If you're out an about on the Blue Ridge Parkway near Asheville over the next several weeks, you might notice some smoke in the air.
If weather conditions permit, park managers at the Blue Ridge Parkway plan to conduct a controlled burn on approximately 80 acres near the Haw Creek Overlook (milepost 380). These operations will occur sometime between Tuesday, March 1, and early April. The burn is dependent on wind, humidity and temperatures that are conducive to a good fire. In order to reduce the amount of smoke produced, managers plan to burn the area over a span of one to two days.
The goals of this project, dubbed the "Haw Creek Burn," are to use fire to reduce forest fuel accumulations and to restore a healthy and diverse eco-system. Fire managers plan to use a series of low-intensity controlled burns over a number of years to restore the composition and open structure of the oak and pine forests that occur on upper slopes and ridges within the site. These plant communities, which need occasional fires to regenerate, are important to wildlife and overall ecosystem health, and they are in decline throughout the Southern Appalachian region. This series of burns will reduce the number of fire-sensitive trees and shrubs while increasing regeneration of oak and yellow pines, and increase the cover and diversity of native grasses and wildflowers.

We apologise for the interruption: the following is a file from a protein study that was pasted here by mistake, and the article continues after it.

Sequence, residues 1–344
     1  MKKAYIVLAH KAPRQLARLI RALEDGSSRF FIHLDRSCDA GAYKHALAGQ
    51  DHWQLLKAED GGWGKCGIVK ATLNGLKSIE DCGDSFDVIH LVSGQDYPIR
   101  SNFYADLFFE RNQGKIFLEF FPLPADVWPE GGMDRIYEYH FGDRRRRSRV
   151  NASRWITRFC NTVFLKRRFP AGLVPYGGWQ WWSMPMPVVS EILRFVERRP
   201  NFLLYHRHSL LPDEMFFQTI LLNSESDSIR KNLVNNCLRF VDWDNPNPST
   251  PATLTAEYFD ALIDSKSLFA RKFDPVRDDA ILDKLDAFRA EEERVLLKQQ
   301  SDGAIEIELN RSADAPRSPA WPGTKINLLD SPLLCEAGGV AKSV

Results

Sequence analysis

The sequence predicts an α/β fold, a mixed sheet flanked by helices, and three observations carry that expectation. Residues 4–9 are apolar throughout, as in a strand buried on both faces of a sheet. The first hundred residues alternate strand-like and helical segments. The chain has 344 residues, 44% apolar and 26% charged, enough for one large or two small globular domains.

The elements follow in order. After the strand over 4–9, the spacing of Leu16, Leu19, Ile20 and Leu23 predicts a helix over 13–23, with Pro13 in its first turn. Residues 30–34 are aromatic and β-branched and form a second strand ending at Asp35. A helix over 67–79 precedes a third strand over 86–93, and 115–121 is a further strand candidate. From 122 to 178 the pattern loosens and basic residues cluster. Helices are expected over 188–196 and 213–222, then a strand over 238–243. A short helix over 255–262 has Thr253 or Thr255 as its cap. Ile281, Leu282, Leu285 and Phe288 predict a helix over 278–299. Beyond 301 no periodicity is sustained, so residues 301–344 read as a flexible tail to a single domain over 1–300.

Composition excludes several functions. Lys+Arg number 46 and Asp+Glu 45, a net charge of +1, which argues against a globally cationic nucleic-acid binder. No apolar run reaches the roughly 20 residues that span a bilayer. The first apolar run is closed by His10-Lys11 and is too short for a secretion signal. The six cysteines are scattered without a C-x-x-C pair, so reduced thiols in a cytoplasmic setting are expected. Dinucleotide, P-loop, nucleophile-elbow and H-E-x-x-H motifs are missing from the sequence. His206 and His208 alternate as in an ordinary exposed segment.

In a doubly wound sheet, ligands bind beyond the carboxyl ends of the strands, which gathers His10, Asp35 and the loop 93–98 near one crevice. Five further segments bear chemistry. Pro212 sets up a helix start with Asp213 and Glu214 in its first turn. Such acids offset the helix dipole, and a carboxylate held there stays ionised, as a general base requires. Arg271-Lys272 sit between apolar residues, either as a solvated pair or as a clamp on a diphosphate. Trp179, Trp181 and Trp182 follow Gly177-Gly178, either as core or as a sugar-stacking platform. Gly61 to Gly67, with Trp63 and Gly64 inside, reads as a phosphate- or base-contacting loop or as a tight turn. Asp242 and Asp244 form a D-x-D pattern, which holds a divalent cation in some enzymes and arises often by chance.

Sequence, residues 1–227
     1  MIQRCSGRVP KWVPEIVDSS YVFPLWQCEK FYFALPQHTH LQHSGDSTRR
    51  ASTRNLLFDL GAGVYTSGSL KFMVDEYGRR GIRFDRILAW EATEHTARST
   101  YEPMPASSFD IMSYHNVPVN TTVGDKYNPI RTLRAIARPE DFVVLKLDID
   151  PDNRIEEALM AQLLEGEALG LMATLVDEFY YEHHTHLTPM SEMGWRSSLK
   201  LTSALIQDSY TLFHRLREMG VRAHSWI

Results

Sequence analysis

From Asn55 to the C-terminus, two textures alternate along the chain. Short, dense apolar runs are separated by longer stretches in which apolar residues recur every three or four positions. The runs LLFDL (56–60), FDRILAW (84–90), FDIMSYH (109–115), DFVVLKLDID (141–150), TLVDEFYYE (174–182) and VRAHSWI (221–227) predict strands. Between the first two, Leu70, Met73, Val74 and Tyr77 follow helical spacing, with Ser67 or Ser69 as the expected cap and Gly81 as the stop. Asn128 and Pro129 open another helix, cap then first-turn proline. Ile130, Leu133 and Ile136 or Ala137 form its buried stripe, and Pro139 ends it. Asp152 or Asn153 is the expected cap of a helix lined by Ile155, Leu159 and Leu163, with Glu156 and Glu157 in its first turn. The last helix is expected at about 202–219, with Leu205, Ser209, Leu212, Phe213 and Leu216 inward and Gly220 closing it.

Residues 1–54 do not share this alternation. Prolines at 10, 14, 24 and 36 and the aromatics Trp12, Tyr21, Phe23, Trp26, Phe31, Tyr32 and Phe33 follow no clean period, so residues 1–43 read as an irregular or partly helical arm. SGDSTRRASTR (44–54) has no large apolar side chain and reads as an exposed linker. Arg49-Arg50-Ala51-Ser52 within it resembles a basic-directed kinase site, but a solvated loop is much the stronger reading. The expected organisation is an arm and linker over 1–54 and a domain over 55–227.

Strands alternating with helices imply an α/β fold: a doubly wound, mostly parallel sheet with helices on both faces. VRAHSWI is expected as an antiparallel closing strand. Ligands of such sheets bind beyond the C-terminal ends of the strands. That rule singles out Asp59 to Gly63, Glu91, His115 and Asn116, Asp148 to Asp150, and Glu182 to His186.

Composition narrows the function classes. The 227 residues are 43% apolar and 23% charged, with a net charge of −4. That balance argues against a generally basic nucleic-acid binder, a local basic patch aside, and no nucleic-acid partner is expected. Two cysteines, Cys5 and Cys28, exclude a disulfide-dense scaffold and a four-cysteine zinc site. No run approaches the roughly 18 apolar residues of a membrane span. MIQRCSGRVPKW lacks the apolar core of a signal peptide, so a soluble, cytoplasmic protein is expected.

All wildfires within the park had been vigorously suppressed for over 70 years. One consequence of that long-term fire exclusion is that dry mountain slopes and ridges, which were historically covered with oaks and pines, are becoming increasingly dominated by trees and shrubs that are much less resistant to fires and droughts. The new forest has a closed canopy that allows little light to reach the forest floor, resulting in a decline of plant and animal diversity. The planned burn is designed to reduce the density of fire-intolerant species and to promote the regeneration of oaks and pines.
The Parkway motor road will be closed during fire operations. The duration of the closure is expected to be one to two days. The Mountains-to-Sea Trail will be closed during and after burn operations as firefighters extinguish hot spots along the trail. Additional press releases will be issued as fire dates are established.